How to select a paddle?

A question that is often asked by newer players, as well as some not so new, is what type of paddle should I use?

The best answer is usually the one that FEELS good when you swing it. 

Different paddles and different brands will all have various characteristics. There are different head sizes, core firmness, weights, and maybe the most important (but not often discussed) is the balance point.

The balance point quite simply is the mid point at which the weight is evenly distributed between the handle and the head. If you have two paddles of the same weight, and one is head weighted (balance point is closer to the head) and the other is handle weighted, they will feel VERY different. The head weighted one will feel much heavier to most people. The more a paddle is weighted towards the head usually makes it tougher for players to control drives, but also provides more power all things being equal as there is more mass at contact. They are also easier to control volleys at the net for the same reason. The closer the weight is to the handle, the more the player needs to swing their arm faster to create the power, but it should be easier to control drives because of this too. Most Xenon paddles are evenly balanced to try to get the best of both worlds, though some models lean a little towards handle heavy (Vortex Light and Vortex+).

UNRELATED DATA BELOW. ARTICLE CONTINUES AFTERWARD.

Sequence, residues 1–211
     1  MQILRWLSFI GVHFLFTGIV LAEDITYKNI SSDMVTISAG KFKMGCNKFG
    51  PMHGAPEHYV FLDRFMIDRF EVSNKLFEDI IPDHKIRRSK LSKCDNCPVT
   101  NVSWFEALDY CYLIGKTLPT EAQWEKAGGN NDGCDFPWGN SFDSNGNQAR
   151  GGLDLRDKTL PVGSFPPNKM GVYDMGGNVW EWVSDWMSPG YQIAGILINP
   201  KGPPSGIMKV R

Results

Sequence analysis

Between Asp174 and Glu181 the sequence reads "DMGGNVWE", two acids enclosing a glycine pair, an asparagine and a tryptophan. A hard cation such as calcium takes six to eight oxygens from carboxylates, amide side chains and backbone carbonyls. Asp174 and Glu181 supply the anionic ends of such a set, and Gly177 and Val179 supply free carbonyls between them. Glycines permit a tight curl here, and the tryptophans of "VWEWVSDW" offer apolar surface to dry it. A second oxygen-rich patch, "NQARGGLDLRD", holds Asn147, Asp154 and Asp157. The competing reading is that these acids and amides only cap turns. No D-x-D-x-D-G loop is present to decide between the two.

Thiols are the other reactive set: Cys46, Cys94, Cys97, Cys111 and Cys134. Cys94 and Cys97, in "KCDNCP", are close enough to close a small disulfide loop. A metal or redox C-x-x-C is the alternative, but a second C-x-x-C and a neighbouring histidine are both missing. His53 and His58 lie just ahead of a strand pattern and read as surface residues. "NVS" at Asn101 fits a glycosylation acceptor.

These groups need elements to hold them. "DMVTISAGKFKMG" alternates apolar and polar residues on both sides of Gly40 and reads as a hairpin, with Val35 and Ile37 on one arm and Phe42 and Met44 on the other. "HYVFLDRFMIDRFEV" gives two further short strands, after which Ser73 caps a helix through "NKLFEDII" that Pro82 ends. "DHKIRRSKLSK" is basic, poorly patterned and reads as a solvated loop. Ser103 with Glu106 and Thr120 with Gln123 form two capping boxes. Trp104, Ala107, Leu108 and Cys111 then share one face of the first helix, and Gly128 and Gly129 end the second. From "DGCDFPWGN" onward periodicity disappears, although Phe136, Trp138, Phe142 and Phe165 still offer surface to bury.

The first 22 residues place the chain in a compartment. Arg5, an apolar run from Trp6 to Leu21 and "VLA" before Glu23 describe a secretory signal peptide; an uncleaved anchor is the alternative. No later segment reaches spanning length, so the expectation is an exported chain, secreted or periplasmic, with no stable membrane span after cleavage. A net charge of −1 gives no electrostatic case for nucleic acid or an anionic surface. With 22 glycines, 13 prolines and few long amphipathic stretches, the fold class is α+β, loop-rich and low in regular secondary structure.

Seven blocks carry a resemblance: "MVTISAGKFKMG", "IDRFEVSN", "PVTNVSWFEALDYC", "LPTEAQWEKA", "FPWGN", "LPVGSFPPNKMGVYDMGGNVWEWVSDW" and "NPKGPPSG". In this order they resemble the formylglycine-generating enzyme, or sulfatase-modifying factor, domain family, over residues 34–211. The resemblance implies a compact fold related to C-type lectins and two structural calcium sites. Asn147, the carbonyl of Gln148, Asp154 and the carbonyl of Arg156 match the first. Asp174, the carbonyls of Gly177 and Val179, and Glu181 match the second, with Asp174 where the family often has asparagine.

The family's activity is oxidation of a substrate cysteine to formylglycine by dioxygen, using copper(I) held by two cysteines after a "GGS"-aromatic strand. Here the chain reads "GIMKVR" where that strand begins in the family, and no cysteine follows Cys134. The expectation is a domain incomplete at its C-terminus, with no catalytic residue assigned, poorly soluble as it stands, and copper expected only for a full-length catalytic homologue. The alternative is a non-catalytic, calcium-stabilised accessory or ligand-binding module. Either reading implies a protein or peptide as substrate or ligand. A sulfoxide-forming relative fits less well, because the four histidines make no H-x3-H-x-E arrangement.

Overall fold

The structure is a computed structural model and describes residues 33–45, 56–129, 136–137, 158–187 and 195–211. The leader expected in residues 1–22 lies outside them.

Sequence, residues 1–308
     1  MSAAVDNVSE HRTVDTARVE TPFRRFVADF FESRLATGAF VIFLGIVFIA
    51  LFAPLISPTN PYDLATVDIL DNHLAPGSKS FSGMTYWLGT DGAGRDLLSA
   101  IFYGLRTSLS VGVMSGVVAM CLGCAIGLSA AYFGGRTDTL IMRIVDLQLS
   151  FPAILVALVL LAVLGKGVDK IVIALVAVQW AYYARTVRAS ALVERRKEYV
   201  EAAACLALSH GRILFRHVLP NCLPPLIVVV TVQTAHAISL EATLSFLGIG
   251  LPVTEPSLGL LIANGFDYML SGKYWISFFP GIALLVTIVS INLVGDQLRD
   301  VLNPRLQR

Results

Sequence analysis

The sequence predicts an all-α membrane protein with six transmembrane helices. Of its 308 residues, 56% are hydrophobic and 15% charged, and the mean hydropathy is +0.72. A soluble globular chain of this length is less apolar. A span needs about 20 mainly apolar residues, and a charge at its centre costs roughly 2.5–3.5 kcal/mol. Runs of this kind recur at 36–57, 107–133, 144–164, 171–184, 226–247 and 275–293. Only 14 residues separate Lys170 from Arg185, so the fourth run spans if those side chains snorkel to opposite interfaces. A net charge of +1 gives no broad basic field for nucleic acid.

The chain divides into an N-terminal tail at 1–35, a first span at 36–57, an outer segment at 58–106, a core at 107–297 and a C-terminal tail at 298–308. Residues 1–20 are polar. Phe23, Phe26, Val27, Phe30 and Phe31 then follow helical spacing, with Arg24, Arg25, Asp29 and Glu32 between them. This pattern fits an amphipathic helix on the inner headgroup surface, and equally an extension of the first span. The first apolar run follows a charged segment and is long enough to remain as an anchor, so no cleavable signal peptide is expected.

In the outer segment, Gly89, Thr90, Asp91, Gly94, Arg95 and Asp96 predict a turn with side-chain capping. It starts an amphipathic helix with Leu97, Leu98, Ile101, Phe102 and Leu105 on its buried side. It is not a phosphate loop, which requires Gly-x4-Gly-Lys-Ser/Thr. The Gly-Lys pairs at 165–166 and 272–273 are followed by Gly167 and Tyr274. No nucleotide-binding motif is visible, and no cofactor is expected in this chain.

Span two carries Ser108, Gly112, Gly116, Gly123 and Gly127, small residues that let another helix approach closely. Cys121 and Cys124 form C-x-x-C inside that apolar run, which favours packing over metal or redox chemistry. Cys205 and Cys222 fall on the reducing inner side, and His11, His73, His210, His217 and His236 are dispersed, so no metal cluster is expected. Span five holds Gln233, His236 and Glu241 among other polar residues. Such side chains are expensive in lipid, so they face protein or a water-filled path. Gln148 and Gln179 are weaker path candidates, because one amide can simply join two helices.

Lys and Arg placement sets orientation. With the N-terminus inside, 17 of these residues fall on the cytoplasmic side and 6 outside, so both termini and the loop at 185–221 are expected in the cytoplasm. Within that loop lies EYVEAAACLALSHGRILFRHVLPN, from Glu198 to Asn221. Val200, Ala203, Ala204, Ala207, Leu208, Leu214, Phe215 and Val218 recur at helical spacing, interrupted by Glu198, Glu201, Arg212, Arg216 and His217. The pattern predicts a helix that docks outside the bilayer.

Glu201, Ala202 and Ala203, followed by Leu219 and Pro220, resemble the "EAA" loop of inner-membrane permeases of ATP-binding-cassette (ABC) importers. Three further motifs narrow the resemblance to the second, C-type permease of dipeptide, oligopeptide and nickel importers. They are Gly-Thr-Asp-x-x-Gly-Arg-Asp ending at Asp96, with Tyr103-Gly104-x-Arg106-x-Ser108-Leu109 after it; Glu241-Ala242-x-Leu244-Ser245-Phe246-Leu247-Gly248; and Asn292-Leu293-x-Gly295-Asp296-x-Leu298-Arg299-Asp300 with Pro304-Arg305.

When you combine a heavier weight along with a balance point towards the head so it feels heavier, that is one of the contributors to arm fatigue and pain, especially with a lot of play.

All the Xenon paddles have a soft core. This helps to provide more control and just a little extra "pop" from the trampoline effect. Firmer cores often times feel like you are hitting with a solid piece of wood, which makes it harder to control but provides more power.

Head size is also very subjective. With advances in technology for paddle design, more players are going to a mid size or oversize paddle head rather than the smaller traditional or "standard" head size. The Xenon Prime is an example of the standard size head, while all the Vortex models are more of an oversize head, though many have said they don't feel too big and play like a midsize. The larger head obviously gives more surface area to hit the ball along with a bigger sweet spot because of it. Though for some, optically, they like to see a smaller head size.

In the end, paddle selection is very subjective. What is right for one player might be completely wrong for another. The best bet is just to try different paddles at your local pro shop or from other players until you find one that fits YOU best. We hope that will be a Xenon paddle.

If you have any other questions or are wondering what in the Xenon line would be comparable to a paddle you are using from another company, just ask us. We'd be glad to help.